Every Saturday, Apurva Khond, 19, a second year BA student of SIES College (Sion), heads to Crawford Market after attending college, to buy dark chocolate bars.
Khond, a resident of Antop Hill, recently completed the three-day chocolate-making course at the Centre for Excellence in her college, where she learnt to make a variety of chocolates. “I am an expert in biscuit chocolates and can tell the ingredients used in any chocolate from the very smell of it,” said Khond, who has enrolled for the Warli art and pot painting courses, which are being introduced this year at the Centre. “Not surprisingly, there were only girls who took up the course,” she grinned.
For students applying to city colleges, there are opportunities to learn beyond the syllabus. From courses on cartography (study of making maps) to Zen meditation, personal grooming and etiquette to garden craft, colleges are providing value-add courses for their students to pursue in addition to attending lectures.
“As students of chartered accountancy, we are preoccupied with numbers and statistics, giving us very little time to focus on interpersonal and presentation skills otherwise,” said Rochan Maheshwari, 24, who enrolled for the 15-day course in general management and communication skills at the Institute for Chartered Accountants of India. The course includes training in business communication, presentation and interpersonal skills, particularly useful for honing the soft skills of students.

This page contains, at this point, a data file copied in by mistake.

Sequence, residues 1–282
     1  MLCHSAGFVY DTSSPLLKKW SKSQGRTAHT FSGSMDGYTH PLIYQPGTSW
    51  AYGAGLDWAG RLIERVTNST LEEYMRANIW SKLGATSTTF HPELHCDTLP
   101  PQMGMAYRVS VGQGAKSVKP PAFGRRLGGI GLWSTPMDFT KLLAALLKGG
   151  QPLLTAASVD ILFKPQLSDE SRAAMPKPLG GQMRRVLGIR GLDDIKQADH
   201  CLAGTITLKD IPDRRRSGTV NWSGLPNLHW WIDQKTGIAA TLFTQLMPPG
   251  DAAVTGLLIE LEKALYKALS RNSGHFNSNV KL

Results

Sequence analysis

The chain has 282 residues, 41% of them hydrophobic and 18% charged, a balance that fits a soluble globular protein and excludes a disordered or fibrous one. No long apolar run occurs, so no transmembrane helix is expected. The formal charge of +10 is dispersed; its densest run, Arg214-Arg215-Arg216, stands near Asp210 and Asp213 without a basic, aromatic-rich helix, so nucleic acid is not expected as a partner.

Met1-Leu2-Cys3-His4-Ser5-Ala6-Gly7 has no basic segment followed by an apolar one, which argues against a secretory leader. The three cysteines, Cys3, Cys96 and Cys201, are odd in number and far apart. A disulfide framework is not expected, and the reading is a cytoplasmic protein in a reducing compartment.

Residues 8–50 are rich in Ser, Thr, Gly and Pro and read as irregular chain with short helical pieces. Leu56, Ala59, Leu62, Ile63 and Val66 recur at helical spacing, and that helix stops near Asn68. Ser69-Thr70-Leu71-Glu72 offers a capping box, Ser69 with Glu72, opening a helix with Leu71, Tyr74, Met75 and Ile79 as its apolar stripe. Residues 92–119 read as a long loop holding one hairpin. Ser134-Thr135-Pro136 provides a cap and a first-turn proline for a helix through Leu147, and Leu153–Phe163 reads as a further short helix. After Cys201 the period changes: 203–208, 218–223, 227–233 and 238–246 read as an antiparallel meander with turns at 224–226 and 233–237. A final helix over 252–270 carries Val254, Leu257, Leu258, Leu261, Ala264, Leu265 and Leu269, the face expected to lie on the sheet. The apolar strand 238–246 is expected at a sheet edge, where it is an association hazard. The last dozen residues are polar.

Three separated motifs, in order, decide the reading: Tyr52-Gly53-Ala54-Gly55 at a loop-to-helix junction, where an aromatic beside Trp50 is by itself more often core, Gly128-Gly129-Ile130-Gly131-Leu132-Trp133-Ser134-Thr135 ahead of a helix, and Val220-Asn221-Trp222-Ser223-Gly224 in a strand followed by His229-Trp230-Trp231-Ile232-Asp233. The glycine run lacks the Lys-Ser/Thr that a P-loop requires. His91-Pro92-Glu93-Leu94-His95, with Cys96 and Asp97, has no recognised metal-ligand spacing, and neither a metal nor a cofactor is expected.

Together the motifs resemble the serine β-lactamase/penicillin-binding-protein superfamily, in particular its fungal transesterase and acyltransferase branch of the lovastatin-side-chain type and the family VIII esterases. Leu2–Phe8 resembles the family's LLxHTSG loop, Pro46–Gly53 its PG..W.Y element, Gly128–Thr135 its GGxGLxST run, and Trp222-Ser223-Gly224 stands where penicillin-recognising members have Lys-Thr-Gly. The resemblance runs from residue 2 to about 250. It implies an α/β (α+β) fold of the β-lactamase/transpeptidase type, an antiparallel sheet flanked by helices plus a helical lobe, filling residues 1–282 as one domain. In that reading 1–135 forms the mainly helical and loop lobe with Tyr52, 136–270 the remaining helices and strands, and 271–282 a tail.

Over the last few years, there has been a growing interest in courses that add value to or go beyond existing bachelors or masters degrees. While some of these courses are related or supplementary to course-work, several offer training in vocational and soft skills.
At St Xavier’s College, the department of inter-religious studies has introduced a series of new courses this year, including a course on Rabindranath Tagore to commemorate his 150th birth anniversary. “The course deals with understanding his life, teachings and contribution to the arts, his mystic poetry and views on philosophy,” said Father Lancy Prabhu, director of the department.
“We are also organising a short course on writer and philosopher, J Krishnamurti, to help our students find oneness in plurality,” said Father Prabhu.
College authorities believe that giving students the opportunity to learn outside and beyond the classroom only helped them make the right career choices. “Students these days want to study beyond their textbooks. By getting to hone their hobbies inside the college campus, they can save time and money, and spend more time with their college friends,” said Mahalaxmi Nadar, coordinator, Centre For Excellence, SIES College.